New Study Good News vs. Breast Cancer


BreastCancerFor the past decade, doctors have used a genetic test to individualize breast cancer treatment and determine if patients may be able to safely skip chemotherapy after surgery. Called Oncotype DX, the test analyzes 21 genes in a tumor to gauge a woman’s risk of the cancer returning after surgery.

A new study this week in the New England Journal of Medicine confirms again that this test is excellent at identifying the lowest risk patients.

For patients who fell into the test’s low-risk category, 99 percent didn’t develop metastatic breast cancer five years after surgery – even though they didn’t endure chemotherapy. The overall survival rate in this group was 98 percent, the NEJM report stated.

It’s encouraging how we can continue to individualize breast cancer treatment based on the cancer’s biology,” said Dr. Boone Goodgame, a Ascension Seton Health Family oncologist who practices in Travis and Hays counties. “With timely, appropriate treatment and proper surgery, a large number of breast cancers can be easily treated and cured without chemotherapy.

“The outlook for many patients with breast cancer is excellent if treatment is started promptly, so anyone with a concern should be sure to see a physician right away,” Goodgame said.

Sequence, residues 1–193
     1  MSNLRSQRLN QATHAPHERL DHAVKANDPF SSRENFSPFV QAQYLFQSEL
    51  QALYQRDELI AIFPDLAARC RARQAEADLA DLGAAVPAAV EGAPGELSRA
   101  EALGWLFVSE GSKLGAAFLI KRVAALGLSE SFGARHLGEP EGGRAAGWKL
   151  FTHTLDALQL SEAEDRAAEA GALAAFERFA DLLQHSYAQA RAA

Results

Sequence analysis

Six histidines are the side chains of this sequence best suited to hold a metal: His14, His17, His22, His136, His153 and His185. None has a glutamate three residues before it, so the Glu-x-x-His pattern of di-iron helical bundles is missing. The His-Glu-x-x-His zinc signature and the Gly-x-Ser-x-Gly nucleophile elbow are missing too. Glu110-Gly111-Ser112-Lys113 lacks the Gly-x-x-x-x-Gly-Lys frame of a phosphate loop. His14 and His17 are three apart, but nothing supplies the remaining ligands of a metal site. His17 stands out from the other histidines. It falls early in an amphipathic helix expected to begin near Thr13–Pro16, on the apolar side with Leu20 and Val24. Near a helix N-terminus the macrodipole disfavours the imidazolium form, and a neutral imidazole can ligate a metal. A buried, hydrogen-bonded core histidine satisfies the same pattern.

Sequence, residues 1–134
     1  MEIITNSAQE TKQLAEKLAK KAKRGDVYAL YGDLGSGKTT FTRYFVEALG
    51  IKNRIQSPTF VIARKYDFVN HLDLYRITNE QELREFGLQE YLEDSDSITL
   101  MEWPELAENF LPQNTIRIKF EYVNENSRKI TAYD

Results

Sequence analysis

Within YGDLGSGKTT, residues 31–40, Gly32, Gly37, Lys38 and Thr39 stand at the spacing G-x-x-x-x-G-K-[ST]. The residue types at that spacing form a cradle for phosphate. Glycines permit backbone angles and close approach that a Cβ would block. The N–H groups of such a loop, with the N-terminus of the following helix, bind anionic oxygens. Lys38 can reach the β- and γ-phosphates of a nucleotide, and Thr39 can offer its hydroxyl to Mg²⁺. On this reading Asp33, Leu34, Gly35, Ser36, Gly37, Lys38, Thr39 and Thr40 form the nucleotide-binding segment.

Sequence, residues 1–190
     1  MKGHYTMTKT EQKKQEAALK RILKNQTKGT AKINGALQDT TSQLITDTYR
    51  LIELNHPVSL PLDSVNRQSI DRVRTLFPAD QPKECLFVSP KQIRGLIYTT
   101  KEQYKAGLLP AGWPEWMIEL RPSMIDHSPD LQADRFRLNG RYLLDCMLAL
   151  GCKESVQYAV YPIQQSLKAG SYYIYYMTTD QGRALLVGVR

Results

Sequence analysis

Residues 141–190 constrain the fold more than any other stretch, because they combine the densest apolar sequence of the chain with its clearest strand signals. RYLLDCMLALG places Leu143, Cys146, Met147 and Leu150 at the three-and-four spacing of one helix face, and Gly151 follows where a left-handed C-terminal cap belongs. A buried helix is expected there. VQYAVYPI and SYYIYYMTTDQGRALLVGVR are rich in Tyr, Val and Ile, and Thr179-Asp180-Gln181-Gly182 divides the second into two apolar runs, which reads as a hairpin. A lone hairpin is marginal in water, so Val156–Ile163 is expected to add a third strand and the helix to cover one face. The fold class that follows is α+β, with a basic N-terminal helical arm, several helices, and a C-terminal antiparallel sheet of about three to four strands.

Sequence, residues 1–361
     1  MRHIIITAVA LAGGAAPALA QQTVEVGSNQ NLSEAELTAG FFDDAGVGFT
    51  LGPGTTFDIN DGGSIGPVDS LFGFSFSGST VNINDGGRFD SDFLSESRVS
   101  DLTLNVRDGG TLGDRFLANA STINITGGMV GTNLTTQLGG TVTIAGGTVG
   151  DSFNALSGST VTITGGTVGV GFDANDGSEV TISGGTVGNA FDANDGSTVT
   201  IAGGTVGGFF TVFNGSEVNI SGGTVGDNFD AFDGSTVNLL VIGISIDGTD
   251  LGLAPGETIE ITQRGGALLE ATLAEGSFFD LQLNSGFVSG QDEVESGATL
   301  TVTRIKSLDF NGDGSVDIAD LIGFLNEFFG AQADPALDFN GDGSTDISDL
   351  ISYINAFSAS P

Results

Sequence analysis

Oncotype DX is recommended by the American Society of Clinical Oncology and is considered the standard of care for a particular type of breast cancer. Annually, about 230,000 patients in the U.S. are diagnosed with breast cancer. About 100,000 qualify for the Oncotype DX, and 16,000 fall into the low-risk category. The test costs about $4,000 and is covered by most insurers, according to a recent National Public Radio report.

Early detection remains a key strategy in the fight against breast cancer. Now, women (and men) can schedule their screening mammography online at and have their results sent to the primary care physician. Those without a medical home can receive support from navigators at the Ascension Seton Breast Care Center.